Key Points

  • Effective January 1, 2021, Colorado’s Equal Pay for Equal Work Act will prohibit employers from discriminating on the basis of sex (including gender identity), alone or with another protected status, by paying less for substantially similar work in terms of skill, effort, or responsibility
    • The Act is one of the most comprehensive in the nation
    • Imposes notice requirements, limits acceptable reasons for pay discrepancies, and includes a salary history ban, among other provisions
    • Employers can be subject to civil fines for noncompliance
  • Private and public employers with any employees in the state are subject to the Act
    • Includes government and religious entities
    • No carveout for small businesses or domestic employers
  • Employers can reduce their liability by completing a pay audit to identify any pay disparities
Potential Risk Factors
  • The Act prohibits wage-based discrimination and details factors that may be used to explain discrepancies:
    • Seniority system
    • Merit system
    • A system which measures earnings by quantity/quality of production
    • Location
    • Relevant education, training, or experience.
    • Travel, if it is required by the work performed
  • Recent legislation from New York, California, and others include similar provisions
    • Designed to clarify acceptable explanations for pay discrepancies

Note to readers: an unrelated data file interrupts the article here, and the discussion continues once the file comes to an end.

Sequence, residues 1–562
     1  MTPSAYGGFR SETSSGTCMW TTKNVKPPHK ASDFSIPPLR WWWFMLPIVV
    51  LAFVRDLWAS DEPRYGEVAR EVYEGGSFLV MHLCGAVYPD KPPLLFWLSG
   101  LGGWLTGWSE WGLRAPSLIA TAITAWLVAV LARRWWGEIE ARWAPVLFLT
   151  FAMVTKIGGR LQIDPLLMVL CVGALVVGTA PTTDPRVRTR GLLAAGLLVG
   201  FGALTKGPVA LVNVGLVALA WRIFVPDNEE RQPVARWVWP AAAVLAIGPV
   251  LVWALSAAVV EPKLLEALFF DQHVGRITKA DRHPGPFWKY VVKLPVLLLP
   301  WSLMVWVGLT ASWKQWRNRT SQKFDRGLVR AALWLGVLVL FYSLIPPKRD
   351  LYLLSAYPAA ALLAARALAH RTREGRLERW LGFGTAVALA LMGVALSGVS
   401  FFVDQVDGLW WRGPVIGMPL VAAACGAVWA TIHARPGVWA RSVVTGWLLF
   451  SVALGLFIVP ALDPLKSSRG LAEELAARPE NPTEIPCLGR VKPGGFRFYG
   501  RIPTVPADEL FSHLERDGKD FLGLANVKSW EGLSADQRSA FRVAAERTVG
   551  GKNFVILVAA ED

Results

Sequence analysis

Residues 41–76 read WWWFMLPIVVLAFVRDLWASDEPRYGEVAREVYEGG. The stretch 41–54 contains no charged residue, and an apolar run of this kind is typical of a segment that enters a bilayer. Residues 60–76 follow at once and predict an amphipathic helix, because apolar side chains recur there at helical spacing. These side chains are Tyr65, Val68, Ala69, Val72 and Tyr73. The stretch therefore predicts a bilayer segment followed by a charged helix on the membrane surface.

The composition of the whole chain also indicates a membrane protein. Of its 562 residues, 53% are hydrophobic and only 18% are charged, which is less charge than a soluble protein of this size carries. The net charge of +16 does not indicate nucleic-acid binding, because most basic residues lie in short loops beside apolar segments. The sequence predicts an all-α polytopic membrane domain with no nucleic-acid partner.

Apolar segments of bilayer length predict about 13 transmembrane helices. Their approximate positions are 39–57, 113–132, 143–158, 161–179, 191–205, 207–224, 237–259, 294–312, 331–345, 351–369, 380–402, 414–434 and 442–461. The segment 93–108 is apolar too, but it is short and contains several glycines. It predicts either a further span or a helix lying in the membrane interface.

• Closes loopholes previously allowed under ambiguous regulations
How To Prepare Pay Equity Audit
  • The Act incentivizes proactive identification/prevention of issues
    • Steep penalties (potentially twice the amount of three years of back pay)
    • Employers can potentially avoid double damages by conducting a pay equity study
  • At a minimum, employers should consider conducting a pay audit prior to 1/1/2021
    • Pay audits conducted within two years prior to a violation can be used as evidence of “good faith”
    • Pay audit must be “thorough and comprehensive” and conducted “with the specific goal of identifying and remedying unlawful pay disparities”
    • These audits can be conducted in-house or with the assistance of a consultant or compensation attorney
Record-Keeping Requirements
  • The Act imposes new requirements around job postings
    • Employers will be required to disclose compensation amount/range for each posting
    • Posting must also include a description of benefits/other compensation
    • An employer must make a reasonable effort to announce internal promotion opportunities to all employees on the same day as well as prior to making a decision
  • Employers must maintain employee records for two years
    • Includes job descriptions and wage history
    • Corresponds to the timeframe for employees to file a lawsuit after a violation
  • These provisions are more stringent than those in other state laws